Rush Rally 3
Rush Rally 3 brings console-style rally racing to Android. For quick blasts, you can delve into single rally mode, with a co-driver bellowing in your ear; or there’s the grinding metal of rallycross, pitting you against computer cars apparently fuelled by aggression. If you’re in it for the long haul, immerse yourself in a full career mode.
None of those options would matter a jot if the racing wasn’t up to much. Fortunately, it’s really good. The game looks the part, with very smart visuals and viewpoints, whether belting around a racing circuit or blazing through a forest.
The controls work well, too, providing a number of setups to accommodate a range of preferences (tilt; virtual buttons) – and skill levels. All in all, it’s enough for the game to get that coveted chequered flag.
(free + $2.99/£2.79/AU$4.09 IAP)
If you're fed up with racing games paying more attention to whether the tarmac looks photorealistic rather than how much fun it should be to zoom along at insane speeds, check out Horizon Chase. This tribute to old-school arcade titles is all about the sheer joy of racing, rather than boring realism.
The visuals are vibrant, the soundtrack is jolly and cheesy, and the racing finds you constantly battling your way to the front of an aggressive pack.
If you fondly recall Lotus Turbo Esprit Challenge and Top Gear, don't miss this one. (Note that Horizon Chase gives you five tracks for free. To unlock the rest, there's a single £2.29/US$2.99 IAP.)
Need for Speed: Most Wanted
Anyone expecting the kind of free-roaming racing from the console versions of this title are going to be miffed, but Need for Speed: Most Wanted is nonetheless one of the finest games of its kind on Android. Yes, the tracks are linear, with only the odd shortcut, but the actual racing bit is superb.
You belt along the seedy streets of a drab, gray city, trying to win events that will boost your ego and reputation alike. Wins swell your coffers, enabling you to buy new vehicles for entering special events.
The game looks gorgeous on Android and has a high-octane soundtrack to urge you onwards. But mostly, this one’s about the controls – a slick combination of responsive tilt and effortless drifting that makes everything feel closer to OutRun 2 than typically sub-optimal mobile racing fare.
Riptide GP: Renegade
The first two Riptide games had you zoom along undulating watery circuits surrounded by gleaming metal towers. Riptide GP: Renegade offers another slice of splashy futuristic racing, but this time finds you immersed in the seedy underbelly of the sport.
As with the previous games, you’re still piloting a hydrofoil, and racing involves not only going very, very fast, but also being a massive show-off at every available opportunity. If you hit a ramp or wave that hurls you into the air, you’d best fling your ride about or do a handstand, in order to get turbo-boost on landing. Sensible racers get nothing.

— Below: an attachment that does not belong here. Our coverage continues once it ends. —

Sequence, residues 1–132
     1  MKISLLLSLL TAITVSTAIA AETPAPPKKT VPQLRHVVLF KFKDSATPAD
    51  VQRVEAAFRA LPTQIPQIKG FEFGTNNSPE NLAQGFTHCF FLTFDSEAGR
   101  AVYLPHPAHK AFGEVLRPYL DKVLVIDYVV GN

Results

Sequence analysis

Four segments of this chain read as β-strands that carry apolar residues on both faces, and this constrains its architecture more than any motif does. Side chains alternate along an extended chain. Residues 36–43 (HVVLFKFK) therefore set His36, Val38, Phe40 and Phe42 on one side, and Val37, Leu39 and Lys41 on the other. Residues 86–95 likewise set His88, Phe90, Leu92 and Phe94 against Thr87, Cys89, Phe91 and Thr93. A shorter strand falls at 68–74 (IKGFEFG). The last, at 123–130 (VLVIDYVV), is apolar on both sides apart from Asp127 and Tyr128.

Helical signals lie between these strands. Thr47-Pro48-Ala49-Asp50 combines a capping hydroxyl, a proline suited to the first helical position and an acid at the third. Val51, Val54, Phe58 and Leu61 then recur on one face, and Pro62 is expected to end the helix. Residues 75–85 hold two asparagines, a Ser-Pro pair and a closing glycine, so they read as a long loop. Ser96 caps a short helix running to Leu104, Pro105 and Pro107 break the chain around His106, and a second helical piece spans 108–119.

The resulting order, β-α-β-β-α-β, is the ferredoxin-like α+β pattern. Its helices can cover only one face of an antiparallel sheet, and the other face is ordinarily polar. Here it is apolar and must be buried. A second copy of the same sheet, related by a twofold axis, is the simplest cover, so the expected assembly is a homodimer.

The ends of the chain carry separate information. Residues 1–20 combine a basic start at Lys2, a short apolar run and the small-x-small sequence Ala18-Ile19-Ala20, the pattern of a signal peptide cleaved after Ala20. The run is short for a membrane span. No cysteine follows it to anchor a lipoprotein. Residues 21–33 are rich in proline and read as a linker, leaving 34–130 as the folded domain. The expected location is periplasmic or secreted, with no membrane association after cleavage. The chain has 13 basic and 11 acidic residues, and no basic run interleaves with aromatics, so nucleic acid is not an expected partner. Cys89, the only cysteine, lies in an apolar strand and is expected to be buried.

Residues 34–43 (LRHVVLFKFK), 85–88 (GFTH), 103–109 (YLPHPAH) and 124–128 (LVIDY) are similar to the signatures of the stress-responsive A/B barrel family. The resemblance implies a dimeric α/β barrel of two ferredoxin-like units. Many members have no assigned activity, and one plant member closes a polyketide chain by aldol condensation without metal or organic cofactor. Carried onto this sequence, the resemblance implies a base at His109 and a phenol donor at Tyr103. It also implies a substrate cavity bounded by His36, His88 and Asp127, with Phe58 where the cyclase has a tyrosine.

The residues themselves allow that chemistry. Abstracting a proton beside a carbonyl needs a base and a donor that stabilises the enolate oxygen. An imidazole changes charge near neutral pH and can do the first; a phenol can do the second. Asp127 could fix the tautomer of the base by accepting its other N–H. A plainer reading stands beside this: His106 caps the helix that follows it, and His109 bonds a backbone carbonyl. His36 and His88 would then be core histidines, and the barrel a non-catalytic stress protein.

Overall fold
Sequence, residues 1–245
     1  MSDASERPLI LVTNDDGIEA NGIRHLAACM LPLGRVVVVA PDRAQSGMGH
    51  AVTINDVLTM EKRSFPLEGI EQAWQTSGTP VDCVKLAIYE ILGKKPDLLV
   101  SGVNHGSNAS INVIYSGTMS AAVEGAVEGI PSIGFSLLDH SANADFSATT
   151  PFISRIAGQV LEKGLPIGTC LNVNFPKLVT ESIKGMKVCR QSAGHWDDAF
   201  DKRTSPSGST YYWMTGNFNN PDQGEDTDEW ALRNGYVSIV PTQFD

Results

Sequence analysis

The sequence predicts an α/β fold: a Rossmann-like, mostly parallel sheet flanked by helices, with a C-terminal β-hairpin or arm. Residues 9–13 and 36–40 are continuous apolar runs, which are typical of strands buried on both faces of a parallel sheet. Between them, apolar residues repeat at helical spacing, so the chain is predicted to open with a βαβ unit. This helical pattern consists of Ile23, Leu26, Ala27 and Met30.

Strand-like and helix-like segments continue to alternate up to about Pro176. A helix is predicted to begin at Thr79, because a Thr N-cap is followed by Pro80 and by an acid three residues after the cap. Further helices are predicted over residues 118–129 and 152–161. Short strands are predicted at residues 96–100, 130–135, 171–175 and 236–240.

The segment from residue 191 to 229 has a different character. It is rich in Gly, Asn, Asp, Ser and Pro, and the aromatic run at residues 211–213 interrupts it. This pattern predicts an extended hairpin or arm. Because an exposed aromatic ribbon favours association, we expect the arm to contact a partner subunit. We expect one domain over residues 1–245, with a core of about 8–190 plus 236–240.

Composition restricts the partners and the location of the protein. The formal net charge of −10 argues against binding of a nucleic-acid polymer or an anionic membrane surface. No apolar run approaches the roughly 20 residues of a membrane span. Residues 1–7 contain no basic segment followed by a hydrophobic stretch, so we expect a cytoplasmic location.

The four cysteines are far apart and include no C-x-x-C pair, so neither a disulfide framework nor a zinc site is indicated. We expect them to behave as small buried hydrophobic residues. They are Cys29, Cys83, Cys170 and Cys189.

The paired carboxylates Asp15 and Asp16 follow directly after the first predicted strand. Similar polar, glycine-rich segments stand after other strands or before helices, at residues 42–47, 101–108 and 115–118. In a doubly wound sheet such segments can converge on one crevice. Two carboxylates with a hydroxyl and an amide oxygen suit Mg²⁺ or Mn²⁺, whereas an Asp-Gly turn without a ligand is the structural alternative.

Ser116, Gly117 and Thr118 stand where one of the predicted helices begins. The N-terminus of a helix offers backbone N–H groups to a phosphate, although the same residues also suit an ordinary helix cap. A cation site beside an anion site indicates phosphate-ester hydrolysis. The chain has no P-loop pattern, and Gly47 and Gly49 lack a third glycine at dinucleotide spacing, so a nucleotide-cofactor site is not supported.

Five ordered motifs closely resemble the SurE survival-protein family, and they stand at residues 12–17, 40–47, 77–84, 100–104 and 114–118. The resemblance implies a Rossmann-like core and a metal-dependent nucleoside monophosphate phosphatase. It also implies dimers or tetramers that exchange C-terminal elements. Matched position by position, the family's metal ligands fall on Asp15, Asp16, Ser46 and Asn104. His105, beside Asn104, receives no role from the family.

The career mode finds you earning cash, upgrading your ride, and probably ignoring the slightly tiresome story bits. The racing, though, is superb – an exhilarating mix of old-school arcade thrills and modern mobile touchscreen smarts.
Mini Motor Racing
Mini Motor Racing is a frenetic top-down racer that finds tiny vehicles darting about claustrophobic circuits that twist and turn in a clear effort to have you repeatedly drive into walls. The cars handle more like remote control cars than real fare, meaning that races are typically tight – and easily lost if you glance away from the screen for just a moment.
There’s a ton of content here – many dozens of races set across a wide range of environments. You zoom through ruins, and scoot about beachside tracks. The AI’s sometimes a bit too aggressive, but with savvy car upgrades, and nitro boost usage when racing, you’ll be taking more than the occasional chequered flag.
Need for Speed: Hot Pursuit
Need for Speed: Hot Pursuit exists in a world where the police seem to think it’s perfectly okay to use their extremely expensive cars to ram fleeing criminals into submission. And when they’re not doing that, they belt along the streets, racing each other to (presumably) decide who pays for the day’s doughnuts.
It’s a fairly simple racer – you’re basically weaving your way through the landscape, smashing into other cars, and triggering the odd trap – but it’s exhilarating, breezy fun that echoes classic racers like Chase H.Q.
And once you’ve had your fill of being one of the nitro-happy fuzz, you can play out a career as the pursued as well, getting stuck into the kind of cop-smashing criminal antics that totally won’t be covered by your car manufacturer’s warranty.
Final Freeway 2R
Final Freeway 2R is a retro racing game, quite blatantly inspired by Sega’s classic OutRun. You belt along in a red car, tearing up a road where everyone’s rather suspiciously driving in the same direction. Every now and again, you hit a fork, allowing you to select your route. All the while, cheesy music blares out of your device’s speakers.
For old hands, you’ll be in a kind of gaming heaven. And arguably, this game’s better than the one that inspired it, feeling more fluid and nuanced. If you’re used to more realistic fare, give Final Freeway 2R a go – you might find yourself converted by its breezy attitude, colorful visuals, and need for truly insane speed.